DHS commencement highlights resiliency, strength of 2021 graduates
Over past year and a half, the Denison High School Class of 2021 saw many hurdles disrupt both education and daily life in ways very few other generations have seen. From adjusting to remote learning and virtual lessons to attending in-person classes while friends and peers remained at home, this class has displayed great resiliency and determination in the face of uncertain times.
Now, that class is having its day.
More than 200 students from DHS crossed the stage at Munson Stadium Saturday night as a part of the district's annual commencement and graduation ceremony. While the festivities included the traditional thanks to teachers and family, the topic of the ongoing pandemic and how the class weathered it was a recurring topic.
"This past year has proven that we have the determination to enter into the real world no matter our paths — continuing our education, joining the armed forces or starting a career," DHS Class President Brody Coffin said. "If we can make it through this past year, we can make it through anything thrown our way."
Much like the past two years, Saturday's festivities were not without their own setbacks. Throughout the event, a steady rainfall pelted the stadium. Still, the event went out without any real notice to Mother Nature's intervention.
Coffin joked that when he stepped into the classroom this past year he had a running bet on how long the school would remain open before it was closed due to the pandemic.
"Way back in August, the seniors enters the very familiar halls of Denison High School and something was just off," Coffin said. "In all of our classes, we were missing about half of our class as those students had chosen to continue learning at home.
"I remember making bets in August that school would not remain open past the first two weeks. Well, 41 weeks later I have lost those bets as the only thing that managed to close DHS was six inches of snow."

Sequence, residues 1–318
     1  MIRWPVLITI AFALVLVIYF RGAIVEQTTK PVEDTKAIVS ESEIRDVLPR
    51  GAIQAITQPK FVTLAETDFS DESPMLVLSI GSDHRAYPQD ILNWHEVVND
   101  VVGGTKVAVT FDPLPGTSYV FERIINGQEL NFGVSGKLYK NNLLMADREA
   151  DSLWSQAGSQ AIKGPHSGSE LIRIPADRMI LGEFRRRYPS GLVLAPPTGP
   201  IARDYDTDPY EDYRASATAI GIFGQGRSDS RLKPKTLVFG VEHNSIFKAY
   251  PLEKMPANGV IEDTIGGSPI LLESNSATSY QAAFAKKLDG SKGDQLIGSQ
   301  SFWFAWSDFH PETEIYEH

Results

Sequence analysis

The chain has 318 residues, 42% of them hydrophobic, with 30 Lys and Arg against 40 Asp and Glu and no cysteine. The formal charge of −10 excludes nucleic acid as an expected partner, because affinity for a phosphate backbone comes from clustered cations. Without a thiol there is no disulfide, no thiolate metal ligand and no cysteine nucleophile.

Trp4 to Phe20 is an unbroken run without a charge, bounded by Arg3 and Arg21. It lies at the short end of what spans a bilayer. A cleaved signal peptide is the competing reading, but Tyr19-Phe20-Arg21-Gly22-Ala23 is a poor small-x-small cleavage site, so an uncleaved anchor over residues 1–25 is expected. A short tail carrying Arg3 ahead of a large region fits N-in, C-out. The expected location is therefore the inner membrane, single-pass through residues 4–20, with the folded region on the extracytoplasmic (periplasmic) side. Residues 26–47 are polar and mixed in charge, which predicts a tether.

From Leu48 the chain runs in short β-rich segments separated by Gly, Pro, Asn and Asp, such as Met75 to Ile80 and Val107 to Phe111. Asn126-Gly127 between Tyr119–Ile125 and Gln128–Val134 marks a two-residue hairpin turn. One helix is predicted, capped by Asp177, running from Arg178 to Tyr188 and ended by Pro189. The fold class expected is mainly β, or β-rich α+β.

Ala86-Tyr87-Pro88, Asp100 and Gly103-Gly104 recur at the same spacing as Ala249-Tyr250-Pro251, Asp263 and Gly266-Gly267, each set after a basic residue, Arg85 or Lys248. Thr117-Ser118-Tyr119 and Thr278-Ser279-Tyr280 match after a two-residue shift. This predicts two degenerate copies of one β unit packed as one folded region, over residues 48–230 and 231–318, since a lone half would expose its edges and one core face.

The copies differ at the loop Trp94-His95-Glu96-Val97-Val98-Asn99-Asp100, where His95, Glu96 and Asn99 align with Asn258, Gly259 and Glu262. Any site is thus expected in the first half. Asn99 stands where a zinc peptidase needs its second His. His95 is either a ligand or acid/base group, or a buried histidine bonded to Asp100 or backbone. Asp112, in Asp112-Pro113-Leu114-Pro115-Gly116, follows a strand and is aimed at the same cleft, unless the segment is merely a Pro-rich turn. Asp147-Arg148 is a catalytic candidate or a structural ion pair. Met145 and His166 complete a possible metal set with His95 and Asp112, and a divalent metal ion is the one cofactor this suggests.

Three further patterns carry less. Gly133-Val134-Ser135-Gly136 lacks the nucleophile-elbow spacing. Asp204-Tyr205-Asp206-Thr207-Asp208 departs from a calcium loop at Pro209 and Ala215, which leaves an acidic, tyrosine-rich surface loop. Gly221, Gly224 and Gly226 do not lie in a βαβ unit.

Rather than look back at the past year as a hard time, Coffin encouraged his peers to look at the good that came out of the year, and reminded them that the hardship only strengthened them.
"School with this year's challenges was just more special," he said. "Keeping the axe for an eighth straight year was just more special. The class of 2021 is just more special."
The topic of the pandemic continued into the address by Salutatorian Aver Encalade, who applauded the students who made it through the pandemic and achieved the goal of graduating from high school.
"The past year and a half has brought many challenges and changes that have tremendously affected our high school experience, but we continued to take each new obstacle in stride."
Encalade took a moment to remember three people who played a part in the 2021 class achieving it successes who were not in attendance Saturday. She thanked teachers Rachel Ramer and Katie Palmer, along with classmate Zachary Alvarez. Alvarez died in 2017 following a period of illness, while Ramer died in 2018 after a long battle with cancer. Palmer, who passed away last spring after being struck by a motor vehicle while out walking, was the most recent death to affect the 2021 class..
"Our time in high school has been dotted with highs and lows that have been proving our strength as a student body," Encalade said. "Through these experiences, we have learned to depend on each other and lift each other up. I look out at the audience and see a group of people who have been there for me."
Valedictorian Kaden Dunn spoke during the height of Saturday's storms. Still the rain, which soaked his podium, did little to phase him in his speech.
Dunn spoke both on the past year, while also reminiscing on the class' entire high school career.
"You can make the best of a bad situation because you are overcomers," he said, noting the adaptations, mask wearing and technology shifts that occurred.
The final commencement speech was given by City Council Member Brian Hander, who graduated from DHS in 2008. During his speech, Hander encouraged the graduating class to return to Denison so that they can help lead the next generation in the city.
"I want you to go from here, experience great adventures, pursue what you are passionate about, seek out worthwhile opportunities and then return to Denison," he said. "We need the next generation of leaders to come together and take a stand for our city's future."